The exhibition runs until 31 May and includes three distinct subject areas: Miller described the works in the ‘Letter Painting’ series as being inspired by his interest in the artistry and technical detail in the leading letters of text in medieval manuscripts. Instead of The Lindisfarne Gospels, the viewer is greeted with short, contemporary words including ‘Boss’, ‘Ace, Bad’, ‘If’ and ‘Kiss’. White Cube, the organisation that works globally with artists to bring their genius to the rest of us – describe Miller as being able to connect Pop Art, Abstraction and Figurative Painting with his writer’s love of text. Completely.
The Penguin Book dust jacket paintings first appeared in 2001 and are inspired by the books from the 1950’s and 60’s. His satirical re-imagining of the titles while timeless, are perhaps particularly relevant in today’s world.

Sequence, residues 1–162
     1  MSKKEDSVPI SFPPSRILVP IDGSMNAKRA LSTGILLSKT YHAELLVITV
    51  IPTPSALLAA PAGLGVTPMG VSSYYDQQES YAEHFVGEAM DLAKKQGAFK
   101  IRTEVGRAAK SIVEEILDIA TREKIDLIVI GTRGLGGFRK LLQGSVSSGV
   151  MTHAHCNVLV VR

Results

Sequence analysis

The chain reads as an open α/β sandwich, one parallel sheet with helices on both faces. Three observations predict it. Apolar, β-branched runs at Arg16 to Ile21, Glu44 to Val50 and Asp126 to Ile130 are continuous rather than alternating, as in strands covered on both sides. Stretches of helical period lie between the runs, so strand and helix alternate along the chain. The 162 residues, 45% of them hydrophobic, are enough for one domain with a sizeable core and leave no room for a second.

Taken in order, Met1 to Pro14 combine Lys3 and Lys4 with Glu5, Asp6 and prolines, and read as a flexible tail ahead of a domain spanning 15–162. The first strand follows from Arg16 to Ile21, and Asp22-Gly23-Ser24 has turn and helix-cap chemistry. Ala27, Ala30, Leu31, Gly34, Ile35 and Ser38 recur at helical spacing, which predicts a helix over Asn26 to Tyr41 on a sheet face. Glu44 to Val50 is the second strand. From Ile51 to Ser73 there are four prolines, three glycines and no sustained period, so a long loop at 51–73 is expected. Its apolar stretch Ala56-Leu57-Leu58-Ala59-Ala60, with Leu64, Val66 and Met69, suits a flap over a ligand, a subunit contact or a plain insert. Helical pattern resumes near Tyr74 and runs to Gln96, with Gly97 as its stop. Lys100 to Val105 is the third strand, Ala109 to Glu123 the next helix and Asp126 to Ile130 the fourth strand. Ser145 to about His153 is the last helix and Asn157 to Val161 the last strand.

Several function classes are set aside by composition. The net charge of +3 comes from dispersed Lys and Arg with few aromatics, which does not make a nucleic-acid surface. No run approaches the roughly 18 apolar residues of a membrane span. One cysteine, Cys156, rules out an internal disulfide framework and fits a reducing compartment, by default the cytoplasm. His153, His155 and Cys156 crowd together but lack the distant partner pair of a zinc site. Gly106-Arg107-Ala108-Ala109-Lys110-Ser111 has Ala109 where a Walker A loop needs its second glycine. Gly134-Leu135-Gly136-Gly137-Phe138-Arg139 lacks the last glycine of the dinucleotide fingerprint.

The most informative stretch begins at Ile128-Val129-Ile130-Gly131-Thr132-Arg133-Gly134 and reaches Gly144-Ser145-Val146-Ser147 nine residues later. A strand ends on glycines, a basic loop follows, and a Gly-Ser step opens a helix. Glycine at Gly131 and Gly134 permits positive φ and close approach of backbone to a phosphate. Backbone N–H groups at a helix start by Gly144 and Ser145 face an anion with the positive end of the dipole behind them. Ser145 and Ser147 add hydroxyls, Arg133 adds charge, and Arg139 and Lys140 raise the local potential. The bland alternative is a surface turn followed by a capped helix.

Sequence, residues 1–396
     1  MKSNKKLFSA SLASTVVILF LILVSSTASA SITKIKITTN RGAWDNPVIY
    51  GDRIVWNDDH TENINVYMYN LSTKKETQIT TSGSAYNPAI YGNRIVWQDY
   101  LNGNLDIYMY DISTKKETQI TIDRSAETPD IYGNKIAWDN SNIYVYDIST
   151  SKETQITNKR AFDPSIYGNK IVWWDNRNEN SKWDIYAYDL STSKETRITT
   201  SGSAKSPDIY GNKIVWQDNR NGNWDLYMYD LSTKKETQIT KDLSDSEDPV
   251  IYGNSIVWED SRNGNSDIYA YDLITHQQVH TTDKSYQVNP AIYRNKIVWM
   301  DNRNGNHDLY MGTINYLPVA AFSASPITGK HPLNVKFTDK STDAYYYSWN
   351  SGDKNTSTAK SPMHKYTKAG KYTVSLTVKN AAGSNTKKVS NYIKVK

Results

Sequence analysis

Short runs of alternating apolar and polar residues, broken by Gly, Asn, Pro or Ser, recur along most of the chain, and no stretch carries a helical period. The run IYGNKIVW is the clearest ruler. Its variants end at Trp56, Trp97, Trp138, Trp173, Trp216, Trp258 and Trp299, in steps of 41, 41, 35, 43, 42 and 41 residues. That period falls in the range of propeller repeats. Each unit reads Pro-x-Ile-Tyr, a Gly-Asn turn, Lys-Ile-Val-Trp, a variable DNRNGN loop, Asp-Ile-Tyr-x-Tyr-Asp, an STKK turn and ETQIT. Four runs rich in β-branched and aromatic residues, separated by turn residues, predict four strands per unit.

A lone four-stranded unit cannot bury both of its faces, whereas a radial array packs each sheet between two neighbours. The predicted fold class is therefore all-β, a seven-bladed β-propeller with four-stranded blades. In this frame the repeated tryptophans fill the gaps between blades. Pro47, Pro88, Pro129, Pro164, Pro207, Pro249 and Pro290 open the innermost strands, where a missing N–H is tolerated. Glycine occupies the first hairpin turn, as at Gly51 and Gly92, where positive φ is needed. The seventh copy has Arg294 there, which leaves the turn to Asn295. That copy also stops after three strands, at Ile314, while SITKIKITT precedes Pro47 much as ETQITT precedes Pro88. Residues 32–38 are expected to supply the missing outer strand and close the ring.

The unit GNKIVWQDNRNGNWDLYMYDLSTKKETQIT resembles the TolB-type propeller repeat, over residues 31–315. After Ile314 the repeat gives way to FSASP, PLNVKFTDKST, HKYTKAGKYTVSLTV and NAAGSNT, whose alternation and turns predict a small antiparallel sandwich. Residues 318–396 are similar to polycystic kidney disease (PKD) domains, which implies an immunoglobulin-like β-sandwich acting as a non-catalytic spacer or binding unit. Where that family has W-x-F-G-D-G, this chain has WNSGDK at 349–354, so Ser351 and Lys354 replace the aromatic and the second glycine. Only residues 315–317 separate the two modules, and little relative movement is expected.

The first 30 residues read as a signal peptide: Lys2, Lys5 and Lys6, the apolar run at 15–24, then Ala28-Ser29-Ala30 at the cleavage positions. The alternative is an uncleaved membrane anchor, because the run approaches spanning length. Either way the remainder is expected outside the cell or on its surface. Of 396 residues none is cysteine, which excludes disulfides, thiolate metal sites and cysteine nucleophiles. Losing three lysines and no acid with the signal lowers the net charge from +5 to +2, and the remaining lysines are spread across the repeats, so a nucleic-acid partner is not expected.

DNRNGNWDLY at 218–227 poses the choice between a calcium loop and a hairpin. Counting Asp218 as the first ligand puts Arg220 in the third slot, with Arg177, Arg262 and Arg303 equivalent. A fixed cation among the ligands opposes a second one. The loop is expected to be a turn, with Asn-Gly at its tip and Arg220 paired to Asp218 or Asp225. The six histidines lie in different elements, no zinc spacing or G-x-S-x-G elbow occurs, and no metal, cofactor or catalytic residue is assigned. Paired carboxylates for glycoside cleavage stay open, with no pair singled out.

The Pelican Bad Weather paintings series might possibly be the works that attract most visitors to the gallery. The tongue-in-cheek references to Grimsby, Whitby and Blackpool provide the provenance that we love in the North – and self-catering in Whitby might mean more to us than to a resident of Nempnett Thrubwell. Possibly.
One of York School of Art’s most successful sons (in partnership with White Cube), has brought an incredibly impressive exhibition to Yorkshire. We might sometimes feel like we’re ninety-three million miles from the sun, but visiting York Art Gallery this spring will definitely supply some artistic glow.
Harland Miller: York, So Good They Named It Once. 14 February – 31 May 2020